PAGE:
Effect of the 2011 vs 2003 duty hour regulation-compliant models on sleep duration, trainee education, and continuity of patient care among internal medicine house staff: a randomized trial.
Approach to Improving SafetyResource TypeSetting of CareClinical AreaError TypesOrigin/Sponsor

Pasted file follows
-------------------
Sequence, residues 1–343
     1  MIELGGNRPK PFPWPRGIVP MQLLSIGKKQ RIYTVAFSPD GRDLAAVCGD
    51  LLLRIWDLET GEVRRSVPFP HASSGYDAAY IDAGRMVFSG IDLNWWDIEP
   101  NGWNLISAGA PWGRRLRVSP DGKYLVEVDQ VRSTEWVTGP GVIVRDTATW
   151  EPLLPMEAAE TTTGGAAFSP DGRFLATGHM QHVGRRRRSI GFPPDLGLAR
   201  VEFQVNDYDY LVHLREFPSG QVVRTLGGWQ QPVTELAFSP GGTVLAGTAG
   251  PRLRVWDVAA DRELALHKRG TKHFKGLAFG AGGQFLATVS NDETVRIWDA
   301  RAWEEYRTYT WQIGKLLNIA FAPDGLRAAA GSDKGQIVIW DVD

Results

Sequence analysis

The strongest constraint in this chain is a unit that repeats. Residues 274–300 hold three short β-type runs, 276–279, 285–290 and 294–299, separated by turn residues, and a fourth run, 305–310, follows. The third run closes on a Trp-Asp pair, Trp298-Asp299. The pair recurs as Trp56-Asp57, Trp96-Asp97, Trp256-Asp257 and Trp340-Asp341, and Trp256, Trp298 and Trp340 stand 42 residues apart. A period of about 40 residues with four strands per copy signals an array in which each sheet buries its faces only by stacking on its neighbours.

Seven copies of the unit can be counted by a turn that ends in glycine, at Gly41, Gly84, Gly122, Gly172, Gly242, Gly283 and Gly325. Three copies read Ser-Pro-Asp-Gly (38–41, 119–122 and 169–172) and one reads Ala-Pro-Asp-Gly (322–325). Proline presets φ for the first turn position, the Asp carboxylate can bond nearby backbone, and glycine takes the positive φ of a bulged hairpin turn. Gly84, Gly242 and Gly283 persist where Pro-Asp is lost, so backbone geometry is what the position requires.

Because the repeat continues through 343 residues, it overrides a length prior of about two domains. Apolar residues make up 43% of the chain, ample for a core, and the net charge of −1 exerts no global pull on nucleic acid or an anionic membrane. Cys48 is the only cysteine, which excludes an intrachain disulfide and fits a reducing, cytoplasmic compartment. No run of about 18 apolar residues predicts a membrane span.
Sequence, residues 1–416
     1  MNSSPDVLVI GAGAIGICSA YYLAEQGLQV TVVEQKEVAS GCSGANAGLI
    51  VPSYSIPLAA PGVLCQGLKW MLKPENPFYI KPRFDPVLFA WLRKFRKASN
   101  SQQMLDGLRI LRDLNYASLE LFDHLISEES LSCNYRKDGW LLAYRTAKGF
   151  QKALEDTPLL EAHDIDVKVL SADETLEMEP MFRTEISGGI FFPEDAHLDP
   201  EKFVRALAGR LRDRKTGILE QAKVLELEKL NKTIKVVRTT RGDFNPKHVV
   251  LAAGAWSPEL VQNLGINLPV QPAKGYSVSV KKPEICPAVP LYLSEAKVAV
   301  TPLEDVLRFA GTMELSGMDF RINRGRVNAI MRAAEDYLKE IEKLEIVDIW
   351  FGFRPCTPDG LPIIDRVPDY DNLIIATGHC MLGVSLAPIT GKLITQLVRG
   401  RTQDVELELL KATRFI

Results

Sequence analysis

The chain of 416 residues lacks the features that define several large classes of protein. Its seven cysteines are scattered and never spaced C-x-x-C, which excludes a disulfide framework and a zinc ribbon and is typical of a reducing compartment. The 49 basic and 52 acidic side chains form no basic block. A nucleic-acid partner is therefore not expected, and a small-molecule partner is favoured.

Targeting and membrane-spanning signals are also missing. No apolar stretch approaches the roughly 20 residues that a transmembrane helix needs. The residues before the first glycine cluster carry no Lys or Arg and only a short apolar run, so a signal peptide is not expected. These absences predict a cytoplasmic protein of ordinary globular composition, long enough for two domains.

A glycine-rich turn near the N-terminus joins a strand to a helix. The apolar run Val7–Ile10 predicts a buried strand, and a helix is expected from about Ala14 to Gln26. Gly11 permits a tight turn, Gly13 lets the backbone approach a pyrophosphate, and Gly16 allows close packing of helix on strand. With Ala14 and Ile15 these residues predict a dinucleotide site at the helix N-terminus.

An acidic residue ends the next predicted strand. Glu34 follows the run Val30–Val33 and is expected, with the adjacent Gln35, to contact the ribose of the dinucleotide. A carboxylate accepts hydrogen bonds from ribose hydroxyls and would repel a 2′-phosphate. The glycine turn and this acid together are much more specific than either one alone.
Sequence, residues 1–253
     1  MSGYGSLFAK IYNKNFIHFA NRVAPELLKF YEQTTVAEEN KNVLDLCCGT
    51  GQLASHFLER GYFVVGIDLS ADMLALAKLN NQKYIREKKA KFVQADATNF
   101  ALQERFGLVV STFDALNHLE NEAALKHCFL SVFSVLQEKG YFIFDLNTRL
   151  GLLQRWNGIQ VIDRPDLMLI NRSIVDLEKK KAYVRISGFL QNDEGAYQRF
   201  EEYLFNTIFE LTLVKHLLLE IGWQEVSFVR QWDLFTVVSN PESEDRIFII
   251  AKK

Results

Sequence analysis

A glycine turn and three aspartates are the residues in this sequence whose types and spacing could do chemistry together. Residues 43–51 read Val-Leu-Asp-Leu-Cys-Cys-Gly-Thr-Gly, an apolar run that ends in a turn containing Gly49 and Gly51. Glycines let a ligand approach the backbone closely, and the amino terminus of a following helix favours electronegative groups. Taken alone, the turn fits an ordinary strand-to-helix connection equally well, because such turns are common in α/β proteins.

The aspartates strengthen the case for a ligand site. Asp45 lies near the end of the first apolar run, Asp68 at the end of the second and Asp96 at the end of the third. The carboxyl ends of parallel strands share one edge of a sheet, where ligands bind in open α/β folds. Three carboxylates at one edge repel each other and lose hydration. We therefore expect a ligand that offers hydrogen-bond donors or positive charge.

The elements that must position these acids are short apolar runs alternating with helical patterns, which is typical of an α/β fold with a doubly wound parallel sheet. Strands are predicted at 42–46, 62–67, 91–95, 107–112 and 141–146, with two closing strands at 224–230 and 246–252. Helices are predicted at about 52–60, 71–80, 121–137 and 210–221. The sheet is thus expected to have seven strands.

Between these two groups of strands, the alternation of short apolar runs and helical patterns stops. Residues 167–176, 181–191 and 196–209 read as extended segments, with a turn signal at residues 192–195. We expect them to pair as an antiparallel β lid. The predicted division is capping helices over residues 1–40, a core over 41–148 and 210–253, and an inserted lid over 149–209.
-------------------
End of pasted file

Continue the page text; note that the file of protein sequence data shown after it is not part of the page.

The Accreditation Council for Graduate Medical Education (ACGME) has progressively restricted resident physicians' duty hours since 2003, with the goal of improving patient safety and resident quality of life. Despite evidence that the 2003 regulations had no significant impact on patient outcomes and may have adversely affected resident education, further regulations implemented in 2011 placed new restrictions on the duty hours of first-year trainees. This randomized controlled trial, in which two 2011-compliant internal medicine resident schedules were compared with the existing schedule (which was compliant with the 2003 regulations), represents one of the first assessments of the new regulations. The investigators found that although residents slept more under the new schedules, the number of handoffs increased dramatically, residents' attendance at teaching conferences decreased, and both residents and nurses perceived that the quality of patient care worsened. An accompanying editorial calls for the ACGME to eliminate shift length restrictions and instead focus on reducing overall resident workload.